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Cloud Is Cool, but DLP Is a Sticky Wicket
Using the cloud has become second nature for today’s organizations, and in most cases, cloud enthusiasts report an overall security improvement. However, data loss prevention (DLP) remains an issue. The issue is that while cloud providers have bolstered security in recent years (which helped lead to widespread adoption of cloud technology), they have very little power to govern what end users actually use the cloud for, like sharing sensitive information.
In reality, only 30% of cloud-using organizations have DLP policies that extend “across employee devices, the corporate network, and the cloud.” Meaning that in 70% of cases, organizations have little to no oversight of end-user cloud usage. Ironically, this lack of oversight is largely due to the improvements made to cloud security (by the providers), as it has created a tendency for customers to think that cloud security is not their concern. What we are now learning is that the cost of this security smugness is lost data.
Most of the time DLP issues are actually data classification issues, and when they’re not, they’re usually privacy-related issues. The good news is that both can be solved with a simple prioritization exercise: get a group together to brainstorm which data repositories hold the most sensitive information and then proceed to evaluate just how sensitive that data is and what kind of protections it needs. For example, if sensitive data is stored on a cloud-based file sharing platform, make sure to configure that platform to prevent unauthorized sharing or downloads.
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COVID-19 has changed a great deal about how businesses operate. From a security perspective, however, COVID-19 caught many businesses off guard. The shift from working in the office to working from home has made it difficult for security measures to keep pace. Specifically, how are businesses meant to maintain the same secure networks when their employees are no longer working in the office? Outside of the security of the IT departments, IT and security have a tough time ensuring that patching and vulnerability management remain at the forefront of a business’s priorities.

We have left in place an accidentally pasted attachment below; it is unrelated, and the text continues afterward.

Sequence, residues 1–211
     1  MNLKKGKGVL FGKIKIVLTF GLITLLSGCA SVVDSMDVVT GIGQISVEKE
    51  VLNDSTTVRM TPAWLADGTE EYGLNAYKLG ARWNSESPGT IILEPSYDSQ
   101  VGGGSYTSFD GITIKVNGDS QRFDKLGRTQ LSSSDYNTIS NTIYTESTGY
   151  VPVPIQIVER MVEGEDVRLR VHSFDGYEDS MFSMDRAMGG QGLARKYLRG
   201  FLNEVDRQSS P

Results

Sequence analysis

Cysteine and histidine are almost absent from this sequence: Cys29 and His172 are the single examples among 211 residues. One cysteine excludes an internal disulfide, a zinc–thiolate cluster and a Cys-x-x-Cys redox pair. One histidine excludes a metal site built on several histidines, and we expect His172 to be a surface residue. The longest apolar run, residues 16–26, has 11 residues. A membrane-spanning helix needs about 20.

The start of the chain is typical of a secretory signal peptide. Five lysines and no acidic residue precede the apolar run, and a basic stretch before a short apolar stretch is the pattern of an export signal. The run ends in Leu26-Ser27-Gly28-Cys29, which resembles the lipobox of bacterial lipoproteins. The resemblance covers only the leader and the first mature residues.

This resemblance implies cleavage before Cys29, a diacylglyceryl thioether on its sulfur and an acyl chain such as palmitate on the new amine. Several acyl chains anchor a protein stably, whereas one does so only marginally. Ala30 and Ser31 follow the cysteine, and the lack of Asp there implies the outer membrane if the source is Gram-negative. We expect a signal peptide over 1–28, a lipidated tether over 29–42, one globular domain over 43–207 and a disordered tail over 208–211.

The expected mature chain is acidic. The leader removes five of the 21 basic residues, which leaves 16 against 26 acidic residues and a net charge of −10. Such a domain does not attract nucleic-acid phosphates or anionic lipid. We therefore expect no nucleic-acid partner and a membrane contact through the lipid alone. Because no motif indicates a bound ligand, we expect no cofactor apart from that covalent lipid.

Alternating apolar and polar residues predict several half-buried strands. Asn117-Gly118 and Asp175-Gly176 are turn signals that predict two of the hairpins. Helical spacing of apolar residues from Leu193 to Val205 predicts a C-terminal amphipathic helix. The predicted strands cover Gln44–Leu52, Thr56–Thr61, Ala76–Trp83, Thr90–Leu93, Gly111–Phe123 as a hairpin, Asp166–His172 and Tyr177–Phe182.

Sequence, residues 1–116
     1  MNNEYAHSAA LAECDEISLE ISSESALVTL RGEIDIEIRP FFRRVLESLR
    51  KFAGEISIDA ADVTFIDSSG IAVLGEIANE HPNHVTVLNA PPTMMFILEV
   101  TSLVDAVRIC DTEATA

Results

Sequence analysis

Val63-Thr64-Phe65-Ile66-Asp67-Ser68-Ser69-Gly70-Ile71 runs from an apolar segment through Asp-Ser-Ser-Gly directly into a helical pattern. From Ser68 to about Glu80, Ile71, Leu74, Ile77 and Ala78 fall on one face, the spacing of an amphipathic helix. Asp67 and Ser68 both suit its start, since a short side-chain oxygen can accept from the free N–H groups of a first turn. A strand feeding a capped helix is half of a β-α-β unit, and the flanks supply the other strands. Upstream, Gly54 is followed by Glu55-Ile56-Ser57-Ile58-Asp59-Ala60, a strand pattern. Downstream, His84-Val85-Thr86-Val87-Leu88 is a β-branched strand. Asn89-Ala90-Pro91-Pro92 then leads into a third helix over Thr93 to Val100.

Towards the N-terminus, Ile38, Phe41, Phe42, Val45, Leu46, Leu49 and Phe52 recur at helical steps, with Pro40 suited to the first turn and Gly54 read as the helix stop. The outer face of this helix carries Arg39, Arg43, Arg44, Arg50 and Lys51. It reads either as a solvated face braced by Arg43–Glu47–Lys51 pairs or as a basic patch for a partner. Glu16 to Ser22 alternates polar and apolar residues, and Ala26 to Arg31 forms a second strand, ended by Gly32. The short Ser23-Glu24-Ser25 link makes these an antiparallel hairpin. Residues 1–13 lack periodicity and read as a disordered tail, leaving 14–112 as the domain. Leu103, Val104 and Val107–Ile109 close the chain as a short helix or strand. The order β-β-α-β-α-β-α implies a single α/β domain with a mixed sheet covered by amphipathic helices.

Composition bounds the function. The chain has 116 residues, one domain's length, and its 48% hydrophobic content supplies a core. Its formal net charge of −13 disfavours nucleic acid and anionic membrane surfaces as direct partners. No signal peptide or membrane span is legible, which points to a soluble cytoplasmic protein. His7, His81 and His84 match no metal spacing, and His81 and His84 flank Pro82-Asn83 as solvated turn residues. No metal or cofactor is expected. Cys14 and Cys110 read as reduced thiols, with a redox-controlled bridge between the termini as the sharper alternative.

GTB Technologies, a smaller vendor known for dedicating itself solely to DLP solutions, has introduced a new multi-tenancy feature for its SDK that aims to improve quality and efficiency for DLP-integrated application development.
Among the full set of features available in Zecurion’s new DLP product is the ability to perform user behavior analytics to help spot data loss events before they occur.
Zecurion has one of the most robust DLP products on the market and this fact was recently recognized by SC Magazine, who placed the product in its “pick-of-the-litter" category for DLP.
Kenna Security deployed their new data driven vulnerability management program, Kenna.VM and accessory program, Kenna.VI. Released on April 28th, Kenna.VM was created with the purpose to set service-level agreements (SLAs) with risk tolerance in mind.
We often hear that businesses are continually cyber insecure or under attack. However, recent penetration testing from Rapid7 shows that businesses are getting better at securing their networks against cyberattacks. While organizations continue to have exploitable weaknesses, attackers are having greater difficulty penetrating deeper into businesses’ networks.
Four zero-day vulnerabilities were discovered in IBM’s Data Risk Manager. While the vulnerabilities are concerning, more so is IBM’s response when addressed. The company simply stated, “It’s out of scope.” – meaning it had no intention to rectify or address the issue.
Will New IoT Security Frameworks Push Compliance Obligations to the Forefront of Security Discussions?
The Internet of Things is increasingly embedded with our daily lives. While these devices make life more accessible, for every new device, a new attack vector for cyberattackers is created.
Qualys VMDR Is Now Live: Increasing Security Threats Requires Strong Vulnerability Management Software
Qualys VMDR has hit the live market. Originally unveiled in February 2020 at Qualys Security Conference, VMDR is now publicly available as of April 16, 2020. Partnering with both large and small MSSPs, VMDR is designed to be scalable to any business enterprise and to automate the entire management cycle on all endpoints.